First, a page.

- Investments that pay monthly dividends vs quarterly offer more frequent income and (maybe) positive compounding effects if reinvested
- Just as with those paid quarterly, monthly dividend investments are only as good as the people making the decisions behind-the-scenes (management)
- If you are interested in dividend investing and are curious about the potential benefits of monthly dividends – read on…
- Monthly dividends – the advantages(?)
- Monthly dividends – the disadvantages
- Monthly dividends vs quarterly
Monthly dividends – the advantages(?)
Monthly income isn’t, strictly speaking, steadier than quarterly income. But, it obviously comes more frequently and coincides with expenses (rent/mortgage, utilities, vehicle payments, etc.) more closely. Frequency of payment is one of the more frequently cited reasons for the appeal of monthly dividend investments.
Staggering quarterly dividends
You can use quarterly dividend investments to achieve the same effect. It’s just a matter of “stacking” them so that they pay dividends in staggering months.
For example, in theory, you could purchase a stock that pays a dividend in the typical months of March, June, September, and December. Then, you could invest in another stock that pays in February, May, August, and November. Finally, (you see where I’m going with this), you could invest in a stock that pays its dividends in January, April, July, and October.
Viola! – monthly dividend payments!
This approach could work. But, I see a couple of downfalls. For starters, it’s three times the effort in terms of research. Second, you’d potentially handcuff yourself by limiting your analysis to stocks that pay a dividend in a particular month.
If I was to try this approach, I would start here. This is the dividend calendar on the Nasdaq website. You can look for companies that have payment dates in the month (and even the time of the month) that you want. This can help you know where to start in terms of research.
Unfortunately, this calendar only goes out one month or so into the future. I imagine they don’t update it until the company/ETF actually specifies the ex-dividend date.
Staggering mutual funds
As far as mutual funds go, I couldn’t find a calendar like the one above. Most mutual funds I looked at either pay monthly, or pay quarterly in March, June, September, and December. Those who pay annually also typically pay in December. There are a lot of mutual funds to invest in. So, it’s plausible that you could pull off the “staggering quarterly dividends” strategy. But, if you do, it’s going to take some hunting on your part.
The Nasdaq Dividend Calendar does include ETFs. However, at a glance, I didn’t see any that paid in April or May. Indicating to me, that, like mutual funds, the quarterly payers tend to pay in the typical months of March, June, September, and December. Again, that’s not to say that a few don’t pay in the other months. But, in order to find them, you’ll have to dig a bit.
So, all that being said – if you want monthly dividend payments without investing in a monthly dividend stock, mutual fund, or ETF, your best bet is probably to stagger quarterly dividend-paying stocks.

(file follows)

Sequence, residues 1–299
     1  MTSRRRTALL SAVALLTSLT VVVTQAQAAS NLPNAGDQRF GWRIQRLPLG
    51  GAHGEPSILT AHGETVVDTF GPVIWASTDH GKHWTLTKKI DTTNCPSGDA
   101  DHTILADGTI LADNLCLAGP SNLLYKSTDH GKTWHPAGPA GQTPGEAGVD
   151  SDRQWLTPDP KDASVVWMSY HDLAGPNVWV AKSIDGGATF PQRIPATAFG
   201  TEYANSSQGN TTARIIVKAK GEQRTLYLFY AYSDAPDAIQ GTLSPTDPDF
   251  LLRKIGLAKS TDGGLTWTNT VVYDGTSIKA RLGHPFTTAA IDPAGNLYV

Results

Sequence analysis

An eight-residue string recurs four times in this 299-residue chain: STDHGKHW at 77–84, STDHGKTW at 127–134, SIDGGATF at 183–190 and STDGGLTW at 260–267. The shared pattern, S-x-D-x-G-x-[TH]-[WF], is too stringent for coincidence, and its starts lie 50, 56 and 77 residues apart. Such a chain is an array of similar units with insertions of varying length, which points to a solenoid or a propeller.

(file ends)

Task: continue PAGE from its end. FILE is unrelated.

Months come and go more frequently than quarters. That we know.
If you’ve spent any time researching monthly dividends, then you’ve probably seen it written that “monthly dividends compound quicker than quarterly dividends.” The conventional wisdom says that if you are purchasing additional shares (via reinvestment), the fact that you are doing so monthly means that you will accumulate more shares because you are reinvesting sooner.
On the surface, this makes sense. The notion that a dollar today is worth more than a dollar tomorrow is the cornerstone of finance.
But, does this theory jive with the real world?
If all investments increased in value in a linear fashion, then this maxim should hold up. All investments, to a greater or lesser degree, are volatile, though. Never mind the fact that not all investments increase in value.
In the spirit of this website, I decided to build a model to test this cliché out. Like the rest of my models – it’s not completely comprehensive. I only tested out a few stocks to get an idea of the lay of the land.
I contained my analysis to stocks. Not tested were ETFs and mutual funds. When choosing stocks, I wanted to look at things from two different perspectives.
First, I chose three stocks that paid quarterly dividends and modeled what returns would be if they paid monthly. These quarterly dividend payers are among the so-called “Dividend Aristocrats” – stocks in the S&P 500 that have increased dividends for at least 25 years.
The quarterly dividend-paying stocks are:
Caterpillar Inc. (CAT)
Archer-Daniels-Midland Company (ADM)
Abbott Laboratories (ABT)
On the other hand, I selected three stocks that are monthly dividend payers to see how quarterly dividends affect returns.
The monthly dividend-paying stocks are:
Gladstone Investment Corporation (GAIN)
Realty Income Corporation (O)
Solar Senior Capital Ltd. (SUNS)
Setup, assumptions, and potential shortcomings of the model
I went back in time five years. Yes, the results might have been different over 10, 20, 6, or 2 years. Some might say that five years is too short of a timeline. But, ultimately, I had to settle on something and five years felt like a reasonable amount of time for monthly dividends to do their thing.
On day one of the model, it is assumed that as many shares as possible were purchased with $5,000. The rest was just held in cash. I did not take commissions or taxes into consideration.